Honorable mentions:

James Holden – The Inheritors

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I love this record because of its unwillingness to settle for present-day expectations. While there have been an impressive number of high quality electronic releases this year, The Inheritors stands out by sounding about 30 years older than its peers. Drenched in chilly analog synths and bolstered by Krautrock momentum, James Holden made an exciting, fresh progressive-electronic record dotted with more standouts than any other electronic release this year.

Washed Out – Paracosm

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Chillwave sees new life every time Washed Out returns with a new record. This one is dreamier and chiller than its predecessor, marked by long stretches of unabashed beauty and layers of warm synths. Fewer notable standouts than Within and Without, but its biggest standout, “All I Know,” ranks among the year’s finest tracks. The release date for this record did a disservice to it, somewhat, as summer was nearly over. I look forward to spending more time with this record in the coming year.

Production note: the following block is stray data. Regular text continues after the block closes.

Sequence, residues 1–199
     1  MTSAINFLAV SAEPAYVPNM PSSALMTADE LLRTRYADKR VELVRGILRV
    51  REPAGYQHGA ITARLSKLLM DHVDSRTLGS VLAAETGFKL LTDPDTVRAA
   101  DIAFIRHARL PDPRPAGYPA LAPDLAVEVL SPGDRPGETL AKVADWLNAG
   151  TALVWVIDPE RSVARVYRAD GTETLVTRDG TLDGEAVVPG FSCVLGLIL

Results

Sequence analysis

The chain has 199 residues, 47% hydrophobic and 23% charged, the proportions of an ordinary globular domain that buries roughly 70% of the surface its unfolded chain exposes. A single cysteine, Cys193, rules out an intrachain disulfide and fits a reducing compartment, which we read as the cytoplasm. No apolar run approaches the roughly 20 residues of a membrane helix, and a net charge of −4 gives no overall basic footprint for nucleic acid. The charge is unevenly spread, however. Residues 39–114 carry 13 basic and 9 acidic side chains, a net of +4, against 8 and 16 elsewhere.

Yo La Tengo – Fade

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The fact that these guys continue to churn out records of this quality in the third decade of their career never ceases to amaze me. Fade ranks among the band’s most sublime records – not unlike the band’s overlooked Summer Sun in tone – and while it seems at first to be the picture of middle age complacency, the melodies find their way to you eventually.

Torres – Torres

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There are several heart-wrenching, female-fronted rock records on this list, but this one probably hurts the most. There’s real pain evident in Torres’ vocals and her lyrics cut to the quick. Perhaps that’s why this record didn’t make the list proper; it’s difficult and slightly embarrassing to find yourself in an emotional state ideal for this record, but it’s at the top of the heap if you fall that far.

The World Is a Beautiful Place & I Am No Longer Afraid to Die – Whenever, If Ever

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One of this year’s best debuts. It hits that necessary sweet spot between jubilant indie rock – a la Los Campesinos – and the soaring emotional catharsis of post-rock. Though Gareth Campesinos himself decried the genre, the two sounds gel ideally, maintaining momentum while introducing necessary drama to the proceedings.